Appetite loss during pregnancy medguidance electricity billy elliot backing track


Some of the symptoms women feel in relation to this lack of appetite during pregnancy include feeling generally sick, feeling nauseous, and actually vomiting. Others are extra sensitive to the smell of food, which makes them feel sick, while others get a sour taste in the mouth that makes them not want to eat at all. Some women do not feel like eating anything and can last many hours without eating, although it makes their stomach growl. However, some women crave only certain foods while hating other kinds of food. Having mood swings also affects their lack of interest in food. Because of the loss of appetite, these women usually lose weight in early pregnancy.

More than 50% of pregnant women suffer from lack of appetite and nausea during the first three months of pregnancy, according to the American Pregnancy Association. Typically, these symptoms begin around the sixth week of pregnancy. But for many women, these symptoms start to diminish around the twelfth week. Furthermore, appetite loss for most women occurs only during the early stages of pregnancy and may be controlled by simple modifications in behavior. Causes of Appetite Loss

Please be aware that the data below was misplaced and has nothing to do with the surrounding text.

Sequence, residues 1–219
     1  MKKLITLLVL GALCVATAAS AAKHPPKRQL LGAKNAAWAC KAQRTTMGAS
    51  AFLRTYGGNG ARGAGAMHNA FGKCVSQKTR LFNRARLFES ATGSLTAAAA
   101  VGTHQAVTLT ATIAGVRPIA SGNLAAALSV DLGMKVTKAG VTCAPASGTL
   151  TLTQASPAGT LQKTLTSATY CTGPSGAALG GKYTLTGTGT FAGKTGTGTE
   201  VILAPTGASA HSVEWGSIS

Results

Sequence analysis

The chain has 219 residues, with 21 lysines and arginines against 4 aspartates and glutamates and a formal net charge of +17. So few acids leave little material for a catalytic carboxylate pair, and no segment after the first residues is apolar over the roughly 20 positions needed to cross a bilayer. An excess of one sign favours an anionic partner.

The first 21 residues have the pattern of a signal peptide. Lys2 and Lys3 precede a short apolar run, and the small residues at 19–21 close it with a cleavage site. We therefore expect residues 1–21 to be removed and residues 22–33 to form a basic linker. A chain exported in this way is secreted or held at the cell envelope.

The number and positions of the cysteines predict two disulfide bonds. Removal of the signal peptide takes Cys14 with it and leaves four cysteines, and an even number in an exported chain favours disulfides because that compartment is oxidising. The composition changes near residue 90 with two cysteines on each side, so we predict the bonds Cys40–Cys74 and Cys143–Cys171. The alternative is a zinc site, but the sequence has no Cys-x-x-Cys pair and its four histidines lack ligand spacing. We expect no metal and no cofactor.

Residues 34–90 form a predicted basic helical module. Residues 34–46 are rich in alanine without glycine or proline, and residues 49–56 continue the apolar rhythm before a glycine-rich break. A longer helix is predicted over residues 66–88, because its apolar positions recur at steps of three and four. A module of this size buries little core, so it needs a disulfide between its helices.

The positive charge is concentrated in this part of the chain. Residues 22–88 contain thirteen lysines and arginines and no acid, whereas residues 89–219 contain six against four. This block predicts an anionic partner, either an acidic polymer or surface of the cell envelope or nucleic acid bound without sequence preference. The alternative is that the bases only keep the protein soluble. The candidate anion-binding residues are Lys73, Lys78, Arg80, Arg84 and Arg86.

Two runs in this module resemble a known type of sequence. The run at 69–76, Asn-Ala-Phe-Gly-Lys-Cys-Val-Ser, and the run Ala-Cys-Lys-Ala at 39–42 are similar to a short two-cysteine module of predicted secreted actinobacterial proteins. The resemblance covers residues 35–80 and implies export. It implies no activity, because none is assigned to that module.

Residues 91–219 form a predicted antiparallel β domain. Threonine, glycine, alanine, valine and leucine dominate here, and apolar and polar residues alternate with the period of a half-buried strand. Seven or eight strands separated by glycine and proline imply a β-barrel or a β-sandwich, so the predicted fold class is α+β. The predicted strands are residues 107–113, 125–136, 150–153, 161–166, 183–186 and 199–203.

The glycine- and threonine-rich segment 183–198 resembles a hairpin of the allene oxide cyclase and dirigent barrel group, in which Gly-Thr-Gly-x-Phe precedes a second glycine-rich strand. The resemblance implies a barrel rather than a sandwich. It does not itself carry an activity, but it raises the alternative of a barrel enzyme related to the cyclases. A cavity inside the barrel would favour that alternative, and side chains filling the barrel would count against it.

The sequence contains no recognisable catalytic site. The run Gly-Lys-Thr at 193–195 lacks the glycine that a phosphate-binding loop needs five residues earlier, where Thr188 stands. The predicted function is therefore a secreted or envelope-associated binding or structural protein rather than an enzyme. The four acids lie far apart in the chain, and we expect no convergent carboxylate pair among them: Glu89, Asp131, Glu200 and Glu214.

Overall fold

Nausea or morning sickness, vomiting, and loss of appetite during the first trimester are common symptoms most pregnant women experience. These are normal symptoms of early pregnancy and there is no reason to worry. Sometimes the symptoms extend beyond the first trimester, but they are usually temporary. However, if these are prolonged, dehydration and nutritional deficiency may occur, in which case medical consultation must be sought. Nausea

The main reason that you may be losing appetite during the early part of your pregnancy is nausea. The feeling of being nauseated reduces your desire to eat. Nausea and vomiting are often referred to as "morning sickness", because they usually occur in the early part of the day, although some women may continue to have this feeling throughout the day and night.

Obstetricians say that these normal symptoms usually begin at the sixth week of pregnancy and end by the twelfth week, but for some women this may last during her whole pregnancy period. If vomiting is severe it can lead to dehydration, and if prolonged it can lead to nutritional deficiencies that will not be good for either the mother or the baby. Medical consultation must be sought. Hormonal Changes

During pregnancy the body adapts to the presence of the fetus in the uterus in order to support its growth and development. Progesterone, a female hormone, increases to cause thickening of the uterine lining, an adaptation to accommodate the baby. However, one side effect of increased progesterone is the slowing down of the digestive system, which can result in a decrease in your appetite. Constipation

Many women become constipated during pregnancy. This may be caused by the increase in progesterone levels and by the supplemental iron intake given by many obstetricians to pregnant women. When you are constipated you may pass hard stools or have difficulty defecating. This may lead to appetite loss. Constipation may also continue into the later part of pregnancy when the enlarging baby in the uterus presses on the bowels, making bowel movements difficult. This can make you feel full, thereby inhibiting your appetite. Growing Baby